Laws
Lights of America LED Lamps Lawsuit

Lights of America LED Lamps Lawsuit

A lawsuit filed against the manufacturer of Lights of America LED lamps claims that the company misrepresented the nature of their products. These LED lamps are marketed as being able to produce light output equivalent to that of a 100-watt incandescent light bulb, and they are also supposed to last a certain number of hours. In light of these accusations, consumers who bought these lights may be eligible for legal action.

False and deceptive lifetime claims

The plaintiffs in the Lights of America LED Lamps lawsuit alleged that the company failed to disclose the fact that the LED lamps lasted only 1,000 hours. The company refunded Costco over $1.5 million for these lamps. While LOA denies making such false claims, the plaintiffs argue that LOA’s sales representatives were aware of them or should have known about them. The lawsuit also argues that the Vakil brothers did not have the authority to make such false and deceptive lifetime claims.

The plaintiffs contend that the company failed to provide adequate substantiation of its claims. They point out that the company’s 50,000-hour lifetime claims are not based on scientific evidence and hardly meet the statutory criteria. In addition, they argue that the company should have been required to provide consumers with other information regarding LED performance and life expectancy before making false and deceptive lifetime claims.

The plaintiffs also claim that LOA violated the FTC Act by making false and misleading claims regarding the life expectancy of the LED lamps. The Court found that LOA lacked adequate evidence to support its claims. It asserted that it violated Section 5(a) of the FTC Act by presenting misleading and deceptive advertising and marketing materials that were inaccurate or misleading. In addition, the Court found that LOA acted on these claims without proper substantiation. The plaintiffs also claim that LOA had no redress when consumers complained about the product.

False and deceptive equivalency claims

Consumers are claiming that Lights of America LED lamps do not produce as much light as they claim. Despite the fact that the company began selling their LED lamps in February 2008, they did not conduct testing until December 2008. As a result, the lawsuit has awarded consumers $21.2 million in injunctive relief. While the lawsuit was filed in 2011, the company is still operating.

The FTC sued Lights of America in the federal court in Los Angeles over false advertising claims. The FTC found that the defendants violated the Federal Trade Commission Act by making false claims about the lifespan of their products. In particular, they claimed that their LED lamps would last for 30,000 hours, or 15 times longer than traditional incandescent bulbs. While these claims were unsubstantiated, the court found that the false and deceptive claims violated section 5(a) of the FTC Act.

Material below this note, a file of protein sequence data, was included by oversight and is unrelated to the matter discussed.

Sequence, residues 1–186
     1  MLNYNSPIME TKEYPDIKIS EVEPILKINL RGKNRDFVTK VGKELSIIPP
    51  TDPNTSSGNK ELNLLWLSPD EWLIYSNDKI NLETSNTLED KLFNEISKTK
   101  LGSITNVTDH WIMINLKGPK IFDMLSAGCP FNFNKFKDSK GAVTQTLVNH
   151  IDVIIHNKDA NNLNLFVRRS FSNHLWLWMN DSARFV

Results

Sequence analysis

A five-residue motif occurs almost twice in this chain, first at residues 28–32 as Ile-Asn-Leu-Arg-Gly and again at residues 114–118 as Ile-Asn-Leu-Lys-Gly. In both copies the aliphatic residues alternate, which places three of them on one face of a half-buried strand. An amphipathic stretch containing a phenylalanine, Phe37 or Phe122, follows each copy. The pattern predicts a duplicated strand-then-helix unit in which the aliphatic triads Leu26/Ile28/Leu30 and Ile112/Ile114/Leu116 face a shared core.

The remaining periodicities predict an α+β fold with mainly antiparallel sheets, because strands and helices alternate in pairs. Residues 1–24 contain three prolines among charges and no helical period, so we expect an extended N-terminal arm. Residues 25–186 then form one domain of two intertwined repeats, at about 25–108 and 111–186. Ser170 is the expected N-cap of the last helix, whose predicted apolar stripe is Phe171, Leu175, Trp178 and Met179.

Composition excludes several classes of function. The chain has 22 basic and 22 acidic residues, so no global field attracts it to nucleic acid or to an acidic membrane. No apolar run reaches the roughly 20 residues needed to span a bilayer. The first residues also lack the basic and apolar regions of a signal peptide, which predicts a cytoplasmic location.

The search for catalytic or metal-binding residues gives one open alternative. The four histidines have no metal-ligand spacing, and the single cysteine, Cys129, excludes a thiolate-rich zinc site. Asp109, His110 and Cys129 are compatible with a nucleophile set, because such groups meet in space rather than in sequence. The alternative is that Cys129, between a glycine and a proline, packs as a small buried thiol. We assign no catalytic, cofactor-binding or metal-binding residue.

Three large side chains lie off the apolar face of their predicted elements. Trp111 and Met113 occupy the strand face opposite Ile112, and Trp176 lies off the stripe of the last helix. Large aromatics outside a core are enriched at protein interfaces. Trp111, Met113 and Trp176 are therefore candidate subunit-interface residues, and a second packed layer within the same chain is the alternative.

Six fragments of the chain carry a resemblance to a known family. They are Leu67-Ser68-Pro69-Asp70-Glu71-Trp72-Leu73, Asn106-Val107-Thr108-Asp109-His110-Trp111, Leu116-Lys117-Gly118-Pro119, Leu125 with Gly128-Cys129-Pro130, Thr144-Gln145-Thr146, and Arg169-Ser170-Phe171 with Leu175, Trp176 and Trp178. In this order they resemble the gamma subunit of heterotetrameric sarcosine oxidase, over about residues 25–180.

In the recent case, the FTC ordered the defendant to pay $21 million to nearly 500,000 consumers who purchased Lights of America LED bulbs. The company was found to have misrepresented the life of LED bulbs and their cost. Consumers were led to believe that Lights of America LED bulbs would last much longer than their competitors. In fact, the company sold its LED bulbs at major retailers like Walmart, Costco, and Kroger.

Failure to market as general purpose lighting

A federal judge recently denied certification of a class action in a Lights of America LED Lamps lawsuit for failing to market as general purpose lighting. The plaintiffs asserted that the company made misleading claims about light-emitting diode bulbs. The judge did indicate that he would support future certification of a class based on a more narrow set of products.

In the case, the Federal Trade Commission alleged that Lights of America misrepresented the brightness of its LED bulbs, life expectancy, and brightness. In addition, Lights of America falsely claimed their bulbs would last a minimum of 30,000 hours, when in fact they would last only a few thousand hours. Because of this, they violated Section 5(a) of the FTC Act. The Federal Trade Commission is now mailing checks to nearly 500,000 customers.

As a result of the lawsuit, the company’s light bulbs will no longer be able to meet the requirements required by federal law. However, it is a good sign that states are finally taking steps to protect the consumer. The proposed ban on GSLs will nullify the recent ban on light bulbs in New York City. Ultimately, these regulations will require larger commercial buildings to switch to LED lighting by 2025.

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